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Last Modified: 6/14/2018 Location: FL, PR, USVI Business: Part A

Indirect medical education (IME) adjustment

Background

Section 1886(d)(5)(B) of the Social Security Act (the Act) provides that prospective payment hospitals that have residents in an approved graduate medical education (GME) program receive an additional payment for a Medicare discharge to reflect the higher patient care costs of teaching hospitals relative to non-teaching hospitals. The regulations regarding the calculation of this additional payment, known as the IME adjustment, are located at 42 CFR 412.105 pdf file . The additional payment is based on the IME adjustment factor. The IME adjustment factor is calculated using a hospital's ratio of residents to beds, which is represented as r, and a multiplier, which is represented as c, in the following equation: c x [(1 + r).405 - 1]. The multiplier c is set by Congress. Thus, the amount of IME payment that a hospital receives is dependent upon the number of residents the hospital trains and the current level of the IME multiplier.
The formula is traditionally described in terms of a certain percentage increase in payment for every 10-percent increase in the resident-to-bed ratio. For discharges occurring during fiscal year (FY) 2003 and thereafter, the formula multiplier is 1.35. The formula multiplier of 1.35 represents a 5.5 percent increase in IME payment for every 10 percent increase in the resident-to-bed ratio.
Balanced Budget Act (BBA) of 1997 Reforms: the IME Multiplier -- The BBA reduced the level of the IME multiplier over a four year period because of a concern that the IME adjustment overpaid hospitals relative to their additional teaching costs. The BBA revised the IME formula to reduce the IME adjustment factor from 7.7 percent to 7.0 percent in FY 1998, 6.5 percent in FY 1999, 6.0 percent in FY 2000, and 5.5 percent in FY 2001 and subsequent fiscal years.
Balanced Budget Refinement Act (BBRA) of 1999 Reforms: the IME Multiplier -- The BBRA slowed the transition set by the BBA for the IME adjustment factor. For FY 2000, special payments were made to each hospital to maintain the IME factor at 6.5 percent. For FY 2001, the factor increased to 6.25 percent. The implementation of the factor at 5.5 percent was delayed until FY 2002.
Benefits Improvement and Protection Act (BIPA) of 2000 Reforms: the IME Multiplier -- The BIPA changed the IME payment add-on for FY 2001 to 6.25 percent for discharges occurring on October 1, 2000 and before April 1, 2001, and to 6.75 percent for discharges occurring after April 1, 2001 and before October 1, 2001. The IME adjustment would be 6.5 percent in FY 2002 and 5.5 percent in FY 2003 and subsequent years.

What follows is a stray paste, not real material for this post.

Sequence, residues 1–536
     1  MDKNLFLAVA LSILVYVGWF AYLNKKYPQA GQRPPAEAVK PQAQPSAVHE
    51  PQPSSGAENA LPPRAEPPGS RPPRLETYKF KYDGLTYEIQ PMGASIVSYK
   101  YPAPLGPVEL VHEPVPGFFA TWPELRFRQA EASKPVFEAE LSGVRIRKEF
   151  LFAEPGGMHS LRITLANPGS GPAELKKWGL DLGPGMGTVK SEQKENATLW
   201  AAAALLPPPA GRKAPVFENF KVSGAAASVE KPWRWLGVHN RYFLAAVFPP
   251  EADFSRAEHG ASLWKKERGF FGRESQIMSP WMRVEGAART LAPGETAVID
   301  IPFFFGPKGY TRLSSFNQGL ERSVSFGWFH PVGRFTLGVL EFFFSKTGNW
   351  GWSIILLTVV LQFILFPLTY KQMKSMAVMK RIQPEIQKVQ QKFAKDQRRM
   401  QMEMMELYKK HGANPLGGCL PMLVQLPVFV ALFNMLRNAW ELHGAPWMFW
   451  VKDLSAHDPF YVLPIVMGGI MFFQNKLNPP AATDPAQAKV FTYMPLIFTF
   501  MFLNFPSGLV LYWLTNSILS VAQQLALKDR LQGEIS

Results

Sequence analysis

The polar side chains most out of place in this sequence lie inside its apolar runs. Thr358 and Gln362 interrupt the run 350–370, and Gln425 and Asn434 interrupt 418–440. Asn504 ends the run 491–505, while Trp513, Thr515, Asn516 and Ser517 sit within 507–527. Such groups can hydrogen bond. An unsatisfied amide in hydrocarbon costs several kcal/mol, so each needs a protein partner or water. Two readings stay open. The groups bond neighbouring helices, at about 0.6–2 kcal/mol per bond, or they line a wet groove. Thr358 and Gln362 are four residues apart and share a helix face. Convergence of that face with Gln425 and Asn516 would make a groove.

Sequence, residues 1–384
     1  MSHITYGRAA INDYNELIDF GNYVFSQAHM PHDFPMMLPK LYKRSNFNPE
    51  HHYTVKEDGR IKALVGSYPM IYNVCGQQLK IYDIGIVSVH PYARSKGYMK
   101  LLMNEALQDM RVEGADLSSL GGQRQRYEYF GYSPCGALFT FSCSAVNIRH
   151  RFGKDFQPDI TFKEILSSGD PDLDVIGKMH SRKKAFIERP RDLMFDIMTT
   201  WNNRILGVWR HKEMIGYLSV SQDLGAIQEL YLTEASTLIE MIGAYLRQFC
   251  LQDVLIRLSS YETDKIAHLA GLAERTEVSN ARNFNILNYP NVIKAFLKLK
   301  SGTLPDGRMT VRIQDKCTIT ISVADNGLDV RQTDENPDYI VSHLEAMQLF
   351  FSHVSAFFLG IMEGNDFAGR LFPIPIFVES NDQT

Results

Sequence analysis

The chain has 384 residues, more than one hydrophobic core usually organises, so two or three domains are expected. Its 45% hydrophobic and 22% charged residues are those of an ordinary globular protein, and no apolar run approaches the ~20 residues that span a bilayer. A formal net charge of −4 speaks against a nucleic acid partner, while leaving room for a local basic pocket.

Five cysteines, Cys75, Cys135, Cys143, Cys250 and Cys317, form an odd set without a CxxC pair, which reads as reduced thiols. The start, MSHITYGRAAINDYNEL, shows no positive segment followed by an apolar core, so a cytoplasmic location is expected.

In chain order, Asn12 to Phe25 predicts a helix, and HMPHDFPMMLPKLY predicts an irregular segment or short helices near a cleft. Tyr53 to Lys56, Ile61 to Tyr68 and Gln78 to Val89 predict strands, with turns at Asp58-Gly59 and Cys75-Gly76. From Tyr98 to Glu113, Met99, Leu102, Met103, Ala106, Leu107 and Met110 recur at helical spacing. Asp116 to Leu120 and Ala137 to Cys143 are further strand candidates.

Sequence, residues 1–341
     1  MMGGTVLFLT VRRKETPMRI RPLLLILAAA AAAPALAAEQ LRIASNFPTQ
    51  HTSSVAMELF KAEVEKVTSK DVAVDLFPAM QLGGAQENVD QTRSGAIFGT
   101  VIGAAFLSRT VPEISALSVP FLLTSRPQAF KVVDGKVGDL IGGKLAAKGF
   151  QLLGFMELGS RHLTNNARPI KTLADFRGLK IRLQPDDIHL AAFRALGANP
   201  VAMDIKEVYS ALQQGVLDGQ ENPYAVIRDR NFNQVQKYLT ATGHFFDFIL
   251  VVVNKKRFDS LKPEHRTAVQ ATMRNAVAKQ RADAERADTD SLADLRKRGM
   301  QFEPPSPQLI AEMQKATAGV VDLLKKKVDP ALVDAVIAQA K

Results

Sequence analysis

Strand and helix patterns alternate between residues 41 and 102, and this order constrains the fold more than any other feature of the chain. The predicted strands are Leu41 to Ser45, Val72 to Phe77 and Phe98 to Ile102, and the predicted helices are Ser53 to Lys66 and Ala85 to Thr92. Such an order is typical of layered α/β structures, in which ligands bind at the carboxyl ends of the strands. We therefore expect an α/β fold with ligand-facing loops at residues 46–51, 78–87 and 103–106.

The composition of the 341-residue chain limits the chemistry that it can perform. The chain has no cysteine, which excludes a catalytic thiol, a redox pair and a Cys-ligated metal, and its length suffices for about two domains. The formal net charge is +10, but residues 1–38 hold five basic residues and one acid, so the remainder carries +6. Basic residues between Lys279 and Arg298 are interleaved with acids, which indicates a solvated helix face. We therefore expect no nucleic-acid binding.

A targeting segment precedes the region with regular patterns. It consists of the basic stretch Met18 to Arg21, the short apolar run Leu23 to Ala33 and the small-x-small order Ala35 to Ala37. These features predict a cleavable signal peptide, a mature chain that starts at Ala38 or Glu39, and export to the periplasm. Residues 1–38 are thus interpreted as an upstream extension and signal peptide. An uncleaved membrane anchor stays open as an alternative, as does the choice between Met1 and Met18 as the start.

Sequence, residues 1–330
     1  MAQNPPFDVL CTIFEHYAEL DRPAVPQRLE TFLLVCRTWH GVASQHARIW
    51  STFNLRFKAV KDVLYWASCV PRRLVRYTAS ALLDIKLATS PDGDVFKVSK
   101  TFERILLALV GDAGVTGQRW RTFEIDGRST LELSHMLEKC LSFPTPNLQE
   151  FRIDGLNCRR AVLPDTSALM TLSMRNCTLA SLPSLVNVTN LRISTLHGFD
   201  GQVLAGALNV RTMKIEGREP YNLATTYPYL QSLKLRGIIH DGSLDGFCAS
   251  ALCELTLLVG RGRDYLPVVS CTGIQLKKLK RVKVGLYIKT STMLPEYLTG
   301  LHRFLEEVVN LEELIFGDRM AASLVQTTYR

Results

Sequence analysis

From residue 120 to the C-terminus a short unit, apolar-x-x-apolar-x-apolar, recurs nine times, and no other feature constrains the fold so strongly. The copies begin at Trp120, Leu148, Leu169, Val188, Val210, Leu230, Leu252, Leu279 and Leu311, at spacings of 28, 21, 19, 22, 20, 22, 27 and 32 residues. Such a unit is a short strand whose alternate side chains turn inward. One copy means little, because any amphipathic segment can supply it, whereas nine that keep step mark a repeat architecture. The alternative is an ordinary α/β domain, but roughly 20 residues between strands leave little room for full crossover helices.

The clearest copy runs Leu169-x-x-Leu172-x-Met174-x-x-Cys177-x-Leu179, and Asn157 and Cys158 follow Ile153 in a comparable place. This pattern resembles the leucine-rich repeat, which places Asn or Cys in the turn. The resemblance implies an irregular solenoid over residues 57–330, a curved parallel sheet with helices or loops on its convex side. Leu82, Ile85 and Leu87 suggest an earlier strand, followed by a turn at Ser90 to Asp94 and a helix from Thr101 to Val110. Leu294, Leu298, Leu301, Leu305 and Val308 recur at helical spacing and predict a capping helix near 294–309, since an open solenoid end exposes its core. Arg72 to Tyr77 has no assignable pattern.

Current

In the PPS final rule pdf file the Centers for Medicare & Medicaid Services (CMS) revised the Medicare hospital inpatient prospective payment systems (IPPS) for operating and capital-related costs of acute care hospitals to implement changes arising from continuing experience with these systems and to implement certain statutory provisions contained in the Patient Protection and Affordable Care Act and the Health Care and Education Reconciliation Act of 2010 (collectively known as the Affordable Care Act) and other legislation. These changes will be applicable to discharges occurring on or after October 1, 2011. CMS is also are setting forth the update to the rate of increase limits for certain hospitals excluded from the IPPS that are paid on a reasonable cost basis subject to these limits. The updated rate-of-increase limits were effective for cost reporting periods beginning on or after October 1, 2011.
CMS updated the payment policy and the annual payment rates for the Medicare prospective payment system (PPS) for inpatient hospital services provided by long-term care hospitals (LTCHs) and implementing certain statutory changes made by the Affordable Care Act. These changes are applicable to discharges occurring on or after October 1, 2011.
In addition, CMS finalized an interim final rule with comment period that implements section 203 of the Medicare and Medicaid Extenders Act of 2010 relating to the treatment of teaching hospitals that are members of the same Medicare graduate medical education affiliated groups for the purpose of determining possible full-time equivalent (FTE) resident cap reductions.
Source: Indirect Medical Education external link on the CMS.gov website
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